Technology & Philanthropy

Have you ever thought about how technology has affected philanthropy? Does technology impact the way we think about philanthropy? We know technology has affected many aspects of our lives, and of course it has also impacted foundations and philanthropic initiatives. There are many ways in which technology has impacted philanthropy, one of the most important changes is the communication, nowadays it is possible for grantees to communicate with their donors in real time, using different platforms like social media, or even though mobile devices. This allows a more interactive conversation; more people can join the discussions about the topics they are interested in.

Things that could go wrong: a roadblock analysis

The world is difficult to predict, many things can go in a different way as planned, and the social sector is no exception. The list of things that can go wrong is huge, from natural disasters, to lack of funding, etc.

To get a better understanding of what can go wrong, Open Road Alliance conducted an analysis of 102 applications from the past five years. The results of this research provide the first ever empirical dataset on “what goes wrong” in impact focused projects.

Is there a decrease in Americans donating to charity?

Is there a decrease in Americans donating to charity?

A research called Philanthropy Panel Study, conducted by Indiana University’s Lilly Family School of Philanthropy, has shown a decrease in America’s donor base. This research shows that charities are receiving a smaller amount of money today, than they received at the year 2000. American donors are donating less money than they used to donate, and this phenomenon is occurring across all demographics, and the reductions in donations are presents in religious groups, and middle-age donors, who are typically the kind of people who donate the most money to charities.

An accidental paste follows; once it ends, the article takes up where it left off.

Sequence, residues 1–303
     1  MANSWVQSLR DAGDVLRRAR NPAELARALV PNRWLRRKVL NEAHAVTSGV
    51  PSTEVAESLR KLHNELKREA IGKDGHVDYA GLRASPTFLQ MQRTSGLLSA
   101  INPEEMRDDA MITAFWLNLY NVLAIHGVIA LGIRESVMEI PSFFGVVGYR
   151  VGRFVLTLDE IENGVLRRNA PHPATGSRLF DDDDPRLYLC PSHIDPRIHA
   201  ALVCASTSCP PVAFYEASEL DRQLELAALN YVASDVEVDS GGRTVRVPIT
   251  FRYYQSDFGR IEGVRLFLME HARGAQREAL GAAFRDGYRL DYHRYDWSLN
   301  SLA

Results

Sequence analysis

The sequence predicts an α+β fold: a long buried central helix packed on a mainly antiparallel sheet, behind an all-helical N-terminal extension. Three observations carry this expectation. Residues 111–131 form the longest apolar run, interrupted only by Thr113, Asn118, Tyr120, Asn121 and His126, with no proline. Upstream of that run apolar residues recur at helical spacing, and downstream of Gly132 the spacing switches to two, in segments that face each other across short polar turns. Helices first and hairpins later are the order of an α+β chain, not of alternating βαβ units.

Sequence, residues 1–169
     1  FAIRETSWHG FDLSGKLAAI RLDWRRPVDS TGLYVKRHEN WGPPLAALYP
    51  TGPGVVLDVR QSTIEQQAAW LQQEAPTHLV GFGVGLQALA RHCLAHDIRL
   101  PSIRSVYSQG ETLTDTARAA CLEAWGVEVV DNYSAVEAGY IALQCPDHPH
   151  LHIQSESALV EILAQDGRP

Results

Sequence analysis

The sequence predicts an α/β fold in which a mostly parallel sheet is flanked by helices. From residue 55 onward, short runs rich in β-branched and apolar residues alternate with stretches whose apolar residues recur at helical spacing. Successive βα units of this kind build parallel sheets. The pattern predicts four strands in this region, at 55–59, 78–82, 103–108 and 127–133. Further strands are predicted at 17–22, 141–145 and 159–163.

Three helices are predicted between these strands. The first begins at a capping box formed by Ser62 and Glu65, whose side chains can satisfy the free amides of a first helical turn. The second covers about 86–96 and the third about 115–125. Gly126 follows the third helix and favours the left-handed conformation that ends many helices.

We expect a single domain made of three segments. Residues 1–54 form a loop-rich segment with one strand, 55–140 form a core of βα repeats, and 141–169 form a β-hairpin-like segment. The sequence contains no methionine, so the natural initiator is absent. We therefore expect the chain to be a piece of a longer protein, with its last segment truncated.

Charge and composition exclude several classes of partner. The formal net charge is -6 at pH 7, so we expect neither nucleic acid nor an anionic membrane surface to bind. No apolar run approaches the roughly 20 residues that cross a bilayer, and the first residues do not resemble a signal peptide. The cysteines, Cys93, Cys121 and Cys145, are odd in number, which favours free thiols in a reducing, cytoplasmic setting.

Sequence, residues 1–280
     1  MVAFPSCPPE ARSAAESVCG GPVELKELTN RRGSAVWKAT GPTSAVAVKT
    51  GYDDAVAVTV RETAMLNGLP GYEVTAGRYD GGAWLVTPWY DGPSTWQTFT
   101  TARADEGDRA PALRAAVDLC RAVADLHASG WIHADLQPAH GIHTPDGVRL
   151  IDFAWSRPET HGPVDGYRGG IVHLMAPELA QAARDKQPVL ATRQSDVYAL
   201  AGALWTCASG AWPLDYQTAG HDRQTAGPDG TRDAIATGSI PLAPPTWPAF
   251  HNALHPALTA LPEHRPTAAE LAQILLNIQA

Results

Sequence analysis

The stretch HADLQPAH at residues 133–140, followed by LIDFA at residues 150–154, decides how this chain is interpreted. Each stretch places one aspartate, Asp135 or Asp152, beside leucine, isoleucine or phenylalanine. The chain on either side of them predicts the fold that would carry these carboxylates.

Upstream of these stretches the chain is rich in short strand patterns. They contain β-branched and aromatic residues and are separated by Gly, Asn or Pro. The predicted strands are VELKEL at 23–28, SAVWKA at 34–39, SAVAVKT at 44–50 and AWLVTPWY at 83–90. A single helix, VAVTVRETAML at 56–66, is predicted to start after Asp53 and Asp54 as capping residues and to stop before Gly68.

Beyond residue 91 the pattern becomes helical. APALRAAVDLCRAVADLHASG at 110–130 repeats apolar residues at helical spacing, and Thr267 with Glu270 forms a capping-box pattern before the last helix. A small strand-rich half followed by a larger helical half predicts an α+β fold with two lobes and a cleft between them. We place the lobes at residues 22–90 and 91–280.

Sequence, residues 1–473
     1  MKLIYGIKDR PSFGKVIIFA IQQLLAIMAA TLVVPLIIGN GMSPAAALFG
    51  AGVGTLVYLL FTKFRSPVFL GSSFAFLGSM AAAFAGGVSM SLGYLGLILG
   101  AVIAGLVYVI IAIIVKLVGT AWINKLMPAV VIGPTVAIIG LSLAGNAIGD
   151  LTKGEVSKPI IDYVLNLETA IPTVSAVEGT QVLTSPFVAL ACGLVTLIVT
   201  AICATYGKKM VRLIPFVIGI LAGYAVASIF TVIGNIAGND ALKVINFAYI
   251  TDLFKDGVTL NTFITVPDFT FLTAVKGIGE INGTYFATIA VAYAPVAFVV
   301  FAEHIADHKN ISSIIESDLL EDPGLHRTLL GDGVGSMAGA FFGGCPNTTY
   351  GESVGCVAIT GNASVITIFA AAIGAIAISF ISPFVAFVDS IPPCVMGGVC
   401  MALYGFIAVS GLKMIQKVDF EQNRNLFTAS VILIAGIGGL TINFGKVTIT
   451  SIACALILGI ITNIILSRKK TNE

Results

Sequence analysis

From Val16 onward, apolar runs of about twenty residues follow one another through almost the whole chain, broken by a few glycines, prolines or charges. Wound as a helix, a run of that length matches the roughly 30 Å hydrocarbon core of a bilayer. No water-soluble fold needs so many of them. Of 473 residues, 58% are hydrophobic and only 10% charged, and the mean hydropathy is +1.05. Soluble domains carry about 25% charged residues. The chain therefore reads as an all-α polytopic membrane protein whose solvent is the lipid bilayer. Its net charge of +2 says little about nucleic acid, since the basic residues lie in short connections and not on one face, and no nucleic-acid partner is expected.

Equal pay day

This year (2018) equal pay day was celebrated on April 10th. According to the Equal Pay Day Organization, the term “equal pay day” refers to the approximate date the typical woman must work into the new year to earn what the typical man made at the end of the previous year. The typical women must work 15 months in order to make the same amount that men will make in 12 months.

Is America the most generous country in the world?

Is America the most generous country in the world?

According to the United Kingdom-based CAF America Report 2015, an international nonprofit organization, part of the WGI (World Giving Index), America is the second most generous country in the world. Among over than 145 countries surveyed, the first place of generosity is occupied by Myanmar, with an overall score of 66%, and the United States of America comes in second place with an overall score of 61%.

Giving Tuesday: A Global Day of Giving

Giving Tuesday is a movement to create an international day of giving at the beginning of the Christmas and holiday season. In the United States is celebrated on the Tuesday following Thanksgiving and the widely recognized shopping events Black Friday and Cyber Monday, #GivingTuesday kicks off the charitable season, when many focus on their holiday and end-of-year giving.